+Sister Agnes Alich, OSB

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+Sister Agnes Alich, OSB

Sister Agnes AlichSister Agnes Alich, age 86, was called home by God on Friday, June 15, 2018, in Benet Hall, in her 65th year of monastic profession. May she rejoice forever in the fullness of life with God, all the angels and saints, her family members, and Sisters of her Community.

A wake service/morning prayer with visitation will be held from 9:30 to 10:45 a.m. followed by the Mass of Christian Burial at 11:00 a.m. on Wednesday, June 27, 2018, at Our Lady Queen of Peace Chapel in St. Scholastica Monastery. The presider will be Father Brian Schultz.  Sister Agnes will be buried in Gethsemane Cemetery at St. Scholastica Monastery.  Funeral arrangements are by Dougherty Funeral Home.  Memorials to St. Scholastica Monastery are preferred.

Sister Agnes Alich (formerly Sr. Mary Andrew), 86, died at St. Scholastica Monastery in Duluth on Friday, June 15, 2018.  Agnes Amelia Alich was born on a farm near Border, Minnesota on June 10, 1932, one of seven children of John Alich and Delvina (St. Lawrence) Alich.  After attending school in Border and graduating from Indus High School, Agnes enrolled in The College of St. Scholastica in 1950 to study chemistry, and a year later joined the Benedictine Sisters of St. Scholastica Monastery, making her First Monastic Profession in 1953 and her Perpetual Profession in 1956.  She taught at St. Francis School in Brainerd, Cathedral Junior High in Duluth, and Gerard High School in Phoenix, AZ.  In 1960 she received her B.S. degree and in 1961 her M.S. degree in inorganic chemistry from Marquette University in Milwaukee. Then she began her long career of teaching chemistry at The College of St. Scholastica, broken only by three years of further study at Northwestern University where she received her doctoral degree in 1972.

The following years at St. Scholastica were extraordinarily productive.  In addition to serving as Chair of the Chemistry Department for 18 years, Sister Agnes was intent on continuing research, was the recipient of many awards and honors, procured numerous grants for and mentored 80 student research projects, published 29 papers and gave over 49 presentations, served on the IRC Consortium to promote Native American student opportunities, wrote and edited papers for the EPA, and developed courses in Environmental Chemistry and Global Sustainability, to mention only a few of her teaching and professional accomplishments. On her retirement in 2009, she was awarded Emeritus status by the College.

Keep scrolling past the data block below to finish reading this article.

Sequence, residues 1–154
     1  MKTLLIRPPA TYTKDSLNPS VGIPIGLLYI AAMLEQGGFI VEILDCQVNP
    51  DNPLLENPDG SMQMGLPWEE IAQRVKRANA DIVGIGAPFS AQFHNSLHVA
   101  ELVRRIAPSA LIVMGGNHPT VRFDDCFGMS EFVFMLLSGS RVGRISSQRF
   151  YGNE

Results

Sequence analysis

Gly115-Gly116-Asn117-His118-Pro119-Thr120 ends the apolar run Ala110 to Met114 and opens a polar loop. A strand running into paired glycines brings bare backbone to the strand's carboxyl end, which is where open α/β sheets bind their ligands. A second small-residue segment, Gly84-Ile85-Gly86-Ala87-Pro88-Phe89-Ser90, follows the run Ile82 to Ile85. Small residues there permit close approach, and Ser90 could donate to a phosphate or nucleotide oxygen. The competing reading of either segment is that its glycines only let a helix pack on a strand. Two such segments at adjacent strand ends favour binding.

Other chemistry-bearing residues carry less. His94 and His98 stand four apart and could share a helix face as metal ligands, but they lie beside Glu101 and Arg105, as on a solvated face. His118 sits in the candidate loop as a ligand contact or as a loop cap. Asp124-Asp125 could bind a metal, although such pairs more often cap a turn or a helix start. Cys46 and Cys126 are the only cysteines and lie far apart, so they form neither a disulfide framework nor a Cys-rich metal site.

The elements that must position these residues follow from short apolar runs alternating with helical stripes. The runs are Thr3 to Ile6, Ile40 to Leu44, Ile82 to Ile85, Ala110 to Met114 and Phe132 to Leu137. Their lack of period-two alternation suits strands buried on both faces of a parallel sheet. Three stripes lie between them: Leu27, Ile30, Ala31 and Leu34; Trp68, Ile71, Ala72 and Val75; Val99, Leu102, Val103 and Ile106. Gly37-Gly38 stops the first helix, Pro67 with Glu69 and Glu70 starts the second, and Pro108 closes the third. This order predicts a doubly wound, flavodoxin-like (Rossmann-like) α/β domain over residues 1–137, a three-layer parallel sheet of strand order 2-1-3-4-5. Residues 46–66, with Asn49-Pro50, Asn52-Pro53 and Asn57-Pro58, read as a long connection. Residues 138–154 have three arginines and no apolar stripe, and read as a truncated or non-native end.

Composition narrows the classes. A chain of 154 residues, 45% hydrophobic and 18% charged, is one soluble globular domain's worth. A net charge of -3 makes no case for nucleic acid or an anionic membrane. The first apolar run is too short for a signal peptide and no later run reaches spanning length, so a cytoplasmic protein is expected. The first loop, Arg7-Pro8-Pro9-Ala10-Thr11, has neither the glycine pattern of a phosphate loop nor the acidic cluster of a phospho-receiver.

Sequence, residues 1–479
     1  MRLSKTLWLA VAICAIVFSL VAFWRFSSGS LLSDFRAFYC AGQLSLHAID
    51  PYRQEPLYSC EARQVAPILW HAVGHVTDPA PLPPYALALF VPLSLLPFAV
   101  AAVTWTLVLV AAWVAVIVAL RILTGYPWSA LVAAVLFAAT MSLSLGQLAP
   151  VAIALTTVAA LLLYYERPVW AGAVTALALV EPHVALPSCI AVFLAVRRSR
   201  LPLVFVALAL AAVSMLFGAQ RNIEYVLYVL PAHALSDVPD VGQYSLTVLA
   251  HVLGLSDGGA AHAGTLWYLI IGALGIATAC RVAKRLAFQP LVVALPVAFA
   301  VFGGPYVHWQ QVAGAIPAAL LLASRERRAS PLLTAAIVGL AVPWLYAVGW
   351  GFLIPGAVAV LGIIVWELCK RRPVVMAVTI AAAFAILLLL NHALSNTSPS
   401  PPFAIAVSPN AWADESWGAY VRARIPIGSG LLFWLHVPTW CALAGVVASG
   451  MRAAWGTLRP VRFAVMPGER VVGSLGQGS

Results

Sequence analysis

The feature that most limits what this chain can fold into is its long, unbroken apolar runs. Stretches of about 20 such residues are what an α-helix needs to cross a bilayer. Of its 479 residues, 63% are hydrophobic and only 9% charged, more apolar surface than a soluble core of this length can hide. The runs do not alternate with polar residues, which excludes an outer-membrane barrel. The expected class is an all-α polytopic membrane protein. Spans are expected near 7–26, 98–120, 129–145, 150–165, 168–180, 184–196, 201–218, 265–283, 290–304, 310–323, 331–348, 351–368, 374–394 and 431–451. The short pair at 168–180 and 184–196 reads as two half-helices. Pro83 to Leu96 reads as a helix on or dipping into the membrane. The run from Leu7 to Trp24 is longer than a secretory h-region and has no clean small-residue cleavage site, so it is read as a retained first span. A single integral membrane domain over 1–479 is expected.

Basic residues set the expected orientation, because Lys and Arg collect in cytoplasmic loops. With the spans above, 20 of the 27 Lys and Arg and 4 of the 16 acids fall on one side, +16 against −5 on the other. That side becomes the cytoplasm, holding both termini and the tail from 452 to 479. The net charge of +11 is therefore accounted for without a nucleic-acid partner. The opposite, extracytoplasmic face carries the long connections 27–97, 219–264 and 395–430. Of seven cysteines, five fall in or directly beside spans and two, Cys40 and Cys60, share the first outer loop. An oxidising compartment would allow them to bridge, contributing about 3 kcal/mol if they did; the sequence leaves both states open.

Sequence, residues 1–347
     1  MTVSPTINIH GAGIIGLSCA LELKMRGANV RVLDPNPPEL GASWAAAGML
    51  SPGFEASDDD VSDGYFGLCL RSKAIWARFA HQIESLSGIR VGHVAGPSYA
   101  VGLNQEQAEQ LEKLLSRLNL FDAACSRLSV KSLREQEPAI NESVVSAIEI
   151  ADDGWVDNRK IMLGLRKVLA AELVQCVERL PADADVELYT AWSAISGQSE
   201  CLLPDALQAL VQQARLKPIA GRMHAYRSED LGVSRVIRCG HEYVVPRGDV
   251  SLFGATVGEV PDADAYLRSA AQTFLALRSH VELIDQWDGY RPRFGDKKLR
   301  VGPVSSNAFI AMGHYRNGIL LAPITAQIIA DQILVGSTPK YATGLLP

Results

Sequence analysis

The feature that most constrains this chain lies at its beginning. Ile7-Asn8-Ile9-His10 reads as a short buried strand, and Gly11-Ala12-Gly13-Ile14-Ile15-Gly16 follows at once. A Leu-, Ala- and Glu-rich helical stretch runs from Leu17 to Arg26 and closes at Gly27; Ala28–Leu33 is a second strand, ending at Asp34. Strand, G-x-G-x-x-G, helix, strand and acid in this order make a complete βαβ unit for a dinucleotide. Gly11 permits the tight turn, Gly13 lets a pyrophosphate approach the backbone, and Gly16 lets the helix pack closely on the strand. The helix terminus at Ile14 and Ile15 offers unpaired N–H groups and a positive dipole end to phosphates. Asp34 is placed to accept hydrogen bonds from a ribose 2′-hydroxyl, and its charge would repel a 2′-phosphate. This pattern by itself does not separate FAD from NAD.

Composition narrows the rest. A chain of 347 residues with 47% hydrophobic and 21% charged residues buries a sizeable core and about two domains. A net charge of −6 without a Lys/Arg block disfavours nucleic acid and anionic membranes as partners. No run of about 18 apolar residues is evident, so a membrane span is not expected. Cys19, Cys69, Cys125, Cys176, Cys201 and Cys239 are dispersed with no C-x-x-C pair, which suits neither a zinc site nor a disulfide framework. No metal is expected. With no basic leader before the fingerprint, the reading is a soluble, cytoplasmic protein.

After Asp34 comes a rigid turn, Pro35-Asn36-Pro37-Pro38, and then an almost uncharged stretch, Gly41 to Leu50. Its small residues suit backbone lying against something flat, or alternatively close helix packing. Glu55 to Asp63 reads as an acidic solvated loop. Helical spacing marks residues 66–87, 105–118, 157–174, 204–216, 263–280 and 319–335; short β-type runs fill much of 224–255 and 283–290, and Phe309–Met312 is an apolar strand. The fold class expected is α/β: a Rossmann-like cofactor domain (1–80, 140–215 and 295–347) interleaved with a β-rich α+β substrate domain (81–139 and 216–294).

Sister Agnes was actively involved in her religious community’s life and liturgy, serving on many committees, spearheading many projects, and serving as a Board member for three of its hospitals and two facilities of the Benedictine Health System.  She also sang as an alto with the Duluth Symphony for 30 years.

Sister Agnes was preceded in death by her parents, her brother George and four sisters: Marianne Christensen, Clara Ley, Sylvia Engbretson and Margaret Koranda.  She is survived by her brother John (Jeanine) Alich, many nieces and nephews, her Benedictine Sisters, colleagues and many friends.











Posted in Happenings, ObituariesTagged , ,


  1. I missed Sr Agnes Alich obit and just wanted to recognize that Sr Agnes was my chemistry advisor – graduated 1980. She was one of the hardest professors I had, but expected detail and excellence and it served me well in my career and family. I think of her and my CSS years every Christmas. Thank you to whomever sent me a card to let me know I missed her passing in 2018.

    Sheri Haines Peterson Class of 1980.

  2. Ditto all of the above. She mentored us especially by encouraging us in leadership work as lab and research assistants. The Benedictine ethic of pray and work, especially work, lived strongly in her. Eternal rest grant unto her oh Lord, and let perpetual light shine upon her!
    Kathryn (Pfahl) Vogel, Class of 1981

  3. I just tonight discovered this 2018 obituary for Sr Agnes. We were fellow chemistry grad students at Northwestern U between 1969 & 1972. She was one of a number of individuals throughout my life to whom I am thankful to have had as guides in my own ongoing faith journey. When we met I had been born & raised as a Southern Baptist from North Carolina & was rather ignorant Catholicism. For one, I discovered that nuns were just as human as the rest of us mortals, even if their spiritual lives are ordered by a distinct & orderly discipline. During those years in Evanston my own journey led me to become an active parishioner in the local Episcopal Church.

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